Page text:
Invitation to Action: Is there a “tough topic in the Bible” or a practical “faith meets real life” topic you’d like me to take up?

A quick aside on this “invitation to action” business: the experts content creators must have a compelling call for action to increase engagement. Mine are usually not so explicit. But they’re there: obey, take God at his word, keep on.

Which reminds me. At the suggestion of two friends who mentioned they’d rather listen rather than read, I started a podcast. It’s called Keep On. For now, it’s just me alone with my phone in the closet and hopefully no Milky meows.

But one can never tell how a thing might grow. I’d like to branch out and do some seriously funny interviews and maybe some book reviews. Speaking of which, did you know I’m posting each month’s book club questions?

Invitation to Action: Subscribe to the KEEP ON WITH ABIGAIL WALLACE podcast or send a link to someone who’d enjoy 5-15 minutes of strong grace. Drop a line if someone you know (including you) can make us think and laugh in an interview.

Christ Exalting Is Why I Write

I promised this would be short. But I must add this bit, because this post feels a self-promotional and I don’t like that.

So I share now my deepest desire is that the words of my mouth will magnify my Lord. In other words, I write to make God look big. My earnest prayer is that you, friend, would be built up in your most holy faith as you see how in my struggles God is my refuge and strength. I write to show you that knowing Jesus Christ is the greatest treasure.

All this feeble, fumbling, typo-laden writing is my joyfullypressingon way to do that.

I’ll leave you with Kate Wilkinson’s prayer. It sums up my heart. Him exalting, self abasing, this is victory.

May the mind of Christ, my Savior, live in me from day to day,

By His love and pow’r controlling all I do and say.

May the Word of God dwell richly in my heart from hour to hour,

So that all may see I triumph only through His pow’r.

May the love of Jesus fill me as the waters fill the sea;

Him exalting, self abasing, this is victory.

May I run the race before me, strong and brave to face the foe,

Looking only unto Jesus as I onward go.

Running with you, for our progress and joy in the faith,

Abigail

A Lenten Facebook Fast: Why Kiss A Good Thing Good-Bye?

facebook icon in woman's eye
Despite its bad press lately, Facebook isn’t a bad thing. I still hold that Facebook is a great tool to give grace.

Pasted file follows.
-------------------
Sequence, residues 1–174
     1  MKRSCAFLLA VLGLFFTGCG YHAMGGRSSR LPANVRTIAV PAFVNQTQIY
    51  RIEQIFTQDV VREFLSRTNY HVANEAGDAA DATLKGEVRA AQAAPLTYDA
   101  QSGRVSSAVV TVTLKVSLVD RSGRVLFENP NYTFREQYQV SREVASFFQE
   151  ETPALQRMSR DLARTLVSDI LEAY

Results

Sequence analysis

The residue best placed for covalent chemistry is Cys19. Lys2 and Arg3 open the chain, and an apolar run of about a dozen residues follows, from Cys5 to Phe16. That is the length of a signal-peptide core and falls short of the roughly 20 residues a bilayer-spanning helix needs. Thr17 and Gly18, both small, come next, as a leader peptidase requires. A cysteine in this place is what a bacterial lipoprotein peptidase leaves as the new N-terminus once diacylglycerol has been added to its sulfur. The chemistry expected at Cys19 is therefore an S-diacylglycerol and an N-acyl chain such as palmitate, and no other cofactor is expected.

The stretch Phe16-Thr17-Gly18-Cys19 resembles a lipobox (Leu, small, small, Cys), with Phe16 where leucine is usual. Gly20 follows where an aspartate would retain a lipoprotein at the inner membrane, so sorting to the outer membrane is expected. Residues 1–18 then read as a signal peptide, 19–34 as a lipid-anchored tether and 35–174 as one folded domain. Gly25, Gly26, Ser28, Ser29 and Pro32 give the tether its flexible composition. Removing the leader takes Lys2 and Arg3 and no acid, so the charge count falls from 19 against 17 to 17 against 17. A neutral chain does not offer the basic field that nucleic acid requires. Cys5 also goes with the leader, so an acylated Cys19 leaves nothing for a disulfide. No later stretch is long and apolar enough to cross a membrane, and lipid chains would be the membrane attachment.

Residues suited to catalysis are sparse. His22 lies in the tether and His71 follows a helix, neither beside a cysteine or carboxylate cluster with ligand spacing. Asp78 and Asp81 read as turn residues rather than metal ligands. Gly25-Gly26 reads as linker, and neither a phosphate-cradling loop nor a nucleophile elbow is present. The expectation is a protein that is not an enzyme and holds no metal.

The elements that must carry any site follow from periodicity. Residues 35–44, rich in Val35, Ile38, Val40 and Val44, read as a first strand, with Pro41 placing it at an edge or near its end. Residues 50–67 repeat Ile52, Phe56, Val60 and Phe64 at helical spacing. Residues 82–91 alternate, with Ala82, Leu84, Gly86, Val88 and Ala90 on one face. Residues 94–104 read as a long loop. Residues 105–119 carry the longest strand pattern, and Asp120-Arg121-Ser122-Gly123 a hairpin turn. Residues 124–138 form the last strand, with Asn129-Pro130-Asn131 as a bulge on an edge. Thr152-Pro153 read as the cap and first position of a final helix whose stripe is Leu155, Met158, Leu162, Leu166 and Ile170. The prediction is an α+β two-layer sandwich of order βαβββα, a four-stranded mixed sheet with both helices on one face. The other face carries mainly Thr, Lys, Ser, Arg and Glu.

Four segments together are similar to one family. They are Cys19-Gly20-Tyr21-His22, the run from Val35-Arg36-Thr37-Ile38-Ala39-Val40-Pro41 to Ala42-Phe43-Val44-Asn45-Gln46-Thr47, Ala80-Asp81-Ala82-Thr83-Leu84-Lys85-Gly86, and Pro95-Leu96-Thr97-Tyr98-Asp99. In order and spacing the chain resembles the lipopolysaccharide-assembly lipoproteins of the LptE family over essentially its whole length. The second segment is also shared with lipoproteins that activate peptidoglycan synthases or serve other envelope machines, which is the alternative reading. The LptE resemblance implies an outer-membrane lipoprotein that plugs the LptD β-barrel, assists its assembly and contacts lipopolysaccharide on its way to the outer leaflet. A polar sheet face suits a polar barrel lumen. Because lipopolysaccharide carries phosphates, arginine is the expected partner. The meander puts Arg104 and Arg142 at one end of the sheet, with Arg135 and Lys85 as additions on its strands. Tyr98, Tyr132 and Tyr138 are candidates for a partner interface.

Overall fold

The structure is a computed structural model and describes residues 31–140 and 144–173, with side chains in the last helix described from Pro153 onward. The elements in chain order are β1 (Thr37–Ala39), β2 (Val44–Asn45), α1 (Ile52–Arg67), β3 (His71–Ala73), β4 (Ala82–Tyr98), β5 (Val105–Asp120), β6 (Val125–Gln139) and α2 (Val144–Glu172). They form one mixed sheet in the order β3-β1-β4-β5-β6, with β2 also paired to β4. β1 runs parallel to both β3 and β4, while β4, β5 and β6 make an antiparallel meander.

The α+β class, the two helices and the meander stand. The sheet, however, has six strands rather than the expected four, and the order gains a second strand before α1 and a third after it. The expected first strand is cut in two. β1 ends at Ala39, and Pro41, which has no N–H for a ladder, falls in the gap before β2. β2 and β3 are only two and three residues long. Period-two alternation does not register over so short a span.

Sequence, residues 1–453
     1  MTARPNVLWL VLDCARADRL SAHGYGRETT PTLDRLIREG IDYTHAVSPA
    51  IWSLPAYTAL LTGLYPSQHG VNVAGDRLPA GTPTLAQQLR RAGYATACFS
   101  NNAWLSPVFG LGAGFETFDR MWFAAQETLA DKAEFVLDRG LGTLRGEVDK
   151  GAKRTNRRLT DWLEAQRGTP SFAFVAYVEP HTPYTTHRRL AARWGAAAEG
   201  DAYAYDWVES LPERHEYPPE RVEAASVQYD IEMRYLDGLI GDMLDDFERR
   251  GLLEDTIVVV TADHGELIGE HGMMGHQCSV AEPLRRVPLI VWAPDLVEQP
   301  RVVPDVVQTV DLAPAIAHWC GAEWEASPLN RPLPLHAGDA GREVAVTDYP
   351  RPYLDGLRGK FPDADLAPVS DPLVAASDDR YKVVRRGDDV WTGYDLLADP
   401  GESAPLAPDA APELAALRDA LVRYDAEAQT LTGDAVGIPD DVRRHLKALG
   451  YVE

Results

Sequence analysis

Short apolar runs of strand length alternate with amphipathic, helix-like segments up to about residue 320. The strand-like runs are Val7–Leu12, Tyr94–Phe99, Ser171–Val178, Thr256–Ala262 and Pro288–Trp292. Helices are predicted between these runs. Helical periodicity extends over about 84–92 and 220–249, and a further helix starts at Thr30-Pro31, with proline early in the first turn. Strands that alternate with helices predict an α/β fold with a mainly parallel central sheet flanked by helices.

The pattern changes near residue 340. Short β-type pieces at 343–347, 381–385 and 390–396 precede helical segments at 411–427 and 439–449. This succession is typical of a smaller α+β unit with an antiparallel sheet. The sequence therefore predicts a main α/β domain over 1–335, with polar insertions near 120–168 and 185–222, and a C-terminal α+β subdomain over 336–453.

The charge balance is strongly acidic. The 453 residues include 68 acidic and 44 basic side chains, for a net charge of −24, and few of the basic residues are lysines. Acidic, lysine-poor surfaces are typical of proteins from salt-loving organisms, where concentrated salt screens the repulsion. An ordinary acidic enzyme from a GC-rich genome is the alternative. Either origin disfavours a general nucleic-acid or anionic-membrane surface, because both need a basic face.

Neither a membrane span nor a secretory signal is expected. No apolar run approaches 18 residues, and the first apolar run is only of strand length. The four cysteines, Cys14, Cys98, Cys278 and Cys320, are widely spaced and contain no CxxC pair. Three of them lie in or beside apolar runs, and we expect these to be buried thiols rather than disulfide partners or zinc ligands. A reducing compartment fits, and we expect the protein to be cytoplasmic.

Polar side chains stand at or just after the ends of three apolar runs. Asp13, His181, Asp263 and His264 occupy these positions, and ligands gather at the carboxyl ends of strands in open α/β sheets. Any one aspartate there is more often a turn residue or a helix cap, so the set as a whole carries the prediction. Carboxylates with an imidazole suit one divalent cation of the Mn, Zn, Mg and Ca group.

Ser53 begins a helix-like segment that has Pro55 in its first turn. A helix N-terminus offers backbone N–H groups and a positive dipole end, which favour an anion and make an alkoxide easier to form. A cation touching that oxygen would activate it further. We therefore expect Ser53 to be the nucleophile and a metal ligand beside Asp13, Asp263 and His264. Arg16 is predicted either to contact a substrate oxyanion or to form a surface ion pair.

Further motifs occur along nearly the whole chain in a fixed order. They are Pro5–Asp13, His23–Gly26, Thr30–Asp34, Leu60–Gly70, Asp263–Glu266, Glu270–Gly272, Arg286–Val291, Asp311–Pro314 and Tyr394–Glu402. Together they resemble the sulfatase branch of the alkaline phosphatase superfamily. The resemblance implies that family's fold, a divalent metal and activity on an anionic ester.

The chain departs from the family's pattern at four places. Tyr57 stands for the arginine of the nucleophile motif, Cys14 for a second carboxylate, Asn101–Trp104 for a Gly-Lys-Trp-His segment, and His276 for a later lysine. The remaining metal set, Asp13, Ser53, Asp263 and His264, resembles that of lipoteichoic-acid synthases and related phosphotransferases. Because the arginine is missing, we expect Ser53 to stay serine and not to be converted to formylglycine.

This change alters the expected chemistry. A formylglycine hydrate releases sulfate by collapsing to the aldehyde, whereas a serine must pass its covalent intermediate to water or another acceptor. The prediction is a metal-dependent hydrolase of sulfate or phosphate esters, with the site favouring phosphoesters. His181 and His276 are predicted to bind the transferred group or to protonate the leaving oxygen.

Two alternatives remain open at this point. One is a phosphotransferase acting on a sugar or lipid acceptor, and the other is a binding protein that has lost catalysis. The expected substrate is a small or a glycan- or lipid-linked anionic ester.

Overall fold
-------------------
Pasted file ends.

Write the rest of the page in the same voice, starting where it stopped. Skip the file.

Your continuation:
But when a good thing becomes an ultimate thing it’s an idol. When you’re willing to sin to feed it or sin if you think you’ll lose it, you may be feeding the beast.
 

Lent: Spring Cleaning For Your Soul 

When anything in life is an absolute requirement for your happiness and self-worth, Timothy Keller writes, it is essentially an ‘idol,’ something you are actually worshipping.
I shared 4 “idol-identifying” questions a couple posts back. And when the Spirit convicts me of inordinate time and energy going into Facebook—specifically a Bible study ministry group—I’d best change that. 
So then along comes Lent, a lovely 46 days (I’m including Sundays.) to forsake a good thing to make space for “more vibrant discipleship.” In other words, Lent is a great season to do some spring cleaning in your soul. It’s a great time to starve your idol. 
 
So I’m fasting from Facebook and the hardest part of that will be laying aside my baby, my Isaac, my little Bible study ministry, the  Wonders of the Word (WoW) group that I so enjoy.
 
Not, because WoW is bad, or Facebook is bad.   So why give a good thing up? 
 

Why My Facebook Fast?

It’s the same reason one friend is giving up a nightly glass of wine  for the month of February, and another friend is fasting from sugar for 12 weeks. 
 
The reason?
 
Paul said it best in 1 Corinthians 6:12:  “I have the right to do anything,” you say–but not everything is beneficial. “I have the right to do anything”–but I will not be mastered by anything. 
 
My focus, my energy, my “happiness and self-worth” even, is coming too much from my social media presence. I’m being mastered by a good thing— my online ministry. And any good think that is not God can morph into an idol. 
 
That’s why you won’t see me on Facebook (or Instagram or Twitter) for a while. That is reason #3 for a Lenten fast .
 
The other two are described  now, in a repost from April 2015, when I kissed ice cream good-bye. 
 
Why give up a good thing? Why wage an optional war?